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Topic: Revolutionary France

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  French Revolution - Wikipedia, the free encyclopedia
During the French Revolution (1789-1799) democracy and republicanism replaced the absolute monarchy in France, and the French sector of the Roman Catholic Church was forced to undergo radical restructuring.
While France would oscillate among republic, empire, and monarchy for 75 years after the First Republic fell to a coup d'état by Napoleon Bonaparte, the revolution nonetheless spelled a definitive end to the ancien régime, and eclipses both subsequent revolutions in France in the popular imagination.
The bulk of the nobles argued for an aristocratic upper house elected by the nobles.
en.wikipedia.org /wiki/French_Revolution   (4962 words)

 French Revolutionary Wars - Wikipedia, the free encyclopedia
The French Revolutionary Wars occurred between the outbreak of war between the French Revolutionary government and Austria in 1792 and the Treaty of Amiens in 1802.
In addition to the ideological differences between France and the monarchical powers of Europe, there were continuing disputes over the states of Imperial estates in Alsace, and the French were becoming concerned about the agitation of emigré nobles abroad, especially in the Austrian Netherlands and the minor states of Germany.
France responded by declaring a new levy of hundreds of thousands of men, beginning a French policy of using mass conscription to deploy more of its manpower than the aristocratic states could, and remaining on the offensive so that these mass armies could commandeer war material from the territory of their enemies.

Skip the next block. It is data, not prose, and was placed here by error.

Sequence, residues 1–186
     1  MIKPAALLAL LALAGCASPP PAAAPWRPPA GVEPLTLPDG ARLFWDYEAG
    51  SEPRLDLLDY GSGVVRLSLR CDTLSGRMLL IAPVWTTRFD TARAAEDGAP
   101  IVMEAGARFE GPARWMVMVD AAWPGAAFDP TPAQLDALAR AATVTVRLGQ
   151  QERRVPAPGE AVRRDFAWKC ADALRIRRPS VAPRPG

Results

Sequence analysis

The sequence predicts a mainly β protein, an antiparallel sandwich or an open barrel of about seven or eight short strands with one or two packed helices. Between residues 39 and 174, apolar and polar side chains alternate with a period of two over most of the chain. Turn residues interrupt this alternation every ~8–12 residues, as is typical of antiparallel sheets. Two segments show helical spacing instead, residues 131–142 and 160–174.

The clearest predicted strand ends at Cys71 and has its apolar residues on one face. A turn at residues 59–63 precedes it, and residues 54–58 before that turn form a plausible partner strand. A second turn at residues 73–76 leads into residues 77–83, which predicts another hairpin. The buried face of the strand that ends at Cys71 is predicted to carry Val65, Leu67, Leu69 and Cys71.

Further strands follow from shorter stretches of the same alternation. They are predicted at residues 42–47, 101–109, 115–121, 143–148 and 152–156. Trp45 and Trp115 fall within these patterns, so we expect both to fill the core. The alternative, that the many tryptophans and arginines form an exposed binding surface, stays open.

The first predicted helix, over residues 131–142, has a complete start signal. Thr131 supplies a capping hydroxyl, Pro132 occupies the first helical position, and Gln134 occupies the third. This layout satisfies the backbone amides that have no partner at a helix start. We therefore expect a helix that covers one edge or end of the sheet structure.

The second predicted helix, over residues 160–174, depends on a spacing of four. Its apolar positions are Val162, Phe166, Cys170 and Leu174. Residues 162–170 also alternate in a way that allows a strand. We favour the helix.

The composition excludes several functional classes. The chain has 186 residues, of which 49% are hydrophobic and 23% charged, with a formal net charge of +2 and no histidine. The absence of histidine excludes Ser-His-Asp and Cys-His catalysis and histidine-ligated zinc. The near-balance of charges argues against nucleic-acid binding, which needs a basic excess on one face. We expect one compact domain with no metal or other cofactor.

en.wikipedia.org /wiki/French_Revolutionary_Wars   (2700 words)

 Encyclopedia: French Revolutionary Wars   (Site not responding. Last check: 2007-10-20)
France in the Middle Ages is, for the purpose of this article, the history of the region roughly corresponding to modern day France from the death of Charlemagne in 814 to the middle of the 15th century.
Early Modern France is the portion of French history that falls in the early modern period from the mid 15th century to the end of the 18th century (or from the French Renaissance to the eve of the French Revolution).
The Valois Dynasty succeeded the Capetian Dynasty as rulers of France from 1328-1589.
www.nationmaster.com /encyclopedia/French-Revolutionary-Wars   (7555 words)

 Encyclopedia: Revolutionary France   (Site not responding. Last check: 2007-10-20)
The period of the French Revolution in the history of France covers the years between 1789 and 1799, in which democrats and republicans overthrew the absolute monarchy and the Roman Catholic Church perforce underwent radical restructuring.
While France would oscillate among republic, empire, and monarchy for 75 years after the First Republic fell to a coup by Napoleon Bonaparte, the revolution nonetheless spelled a definitive end to the ancien régime, and eclipses all subsequent revolutions in France in the popular imagination.
The slightest hint of counter-revolutionary thoughts or activities (or, as in the case of Jacques Hébert, revolutionary zeal exceeding that of those in power) could place one under suspicion, and the trials did not proceed over-scrupulously.
www.nationmaster.com /encyclopedia/Revolutionary-France   (4125 words)

 French Revolution -- Facts, Info, and Encyclopedia article   (Site not responding. Last check: 2007-10-20)
He and Queen (Queen of France (as wife of Louis XVI) who was unpopular; her extravagance and opposition to reform contributed to the overthrow of the monarchy; she was guillotined along with her husband (1755-1793)) Marie Antoinette remained held under guard.
The politics of the period inevitably drove France towards war with (A mountainous republic in central Europe; under the Habsburgs (1278-1918) Austria maintained control of the Holy Roman Empire and was a leader in European politics until the 19th century) Austria and its allies.
In 1794 (French revolutionary; leader of the Jacobins and architect of the Reign of Terror; was himself executed in a coup d'etat (1758-1794)) Robespierre had ultraradicals and moderate Jacobins executed; in consequence, however, his own popular support eroded markedly.
www.absoluteastronomy.com /encyclopedia/f/fr/french_revolution.htm   (5094 words)

 The Family on Trial in Revolutionary France: Introduction
The French revolutionaries were ambitious in their attempts to transform the family, for they saw how profoundly politics and the gendered matters of daily life were intertwined.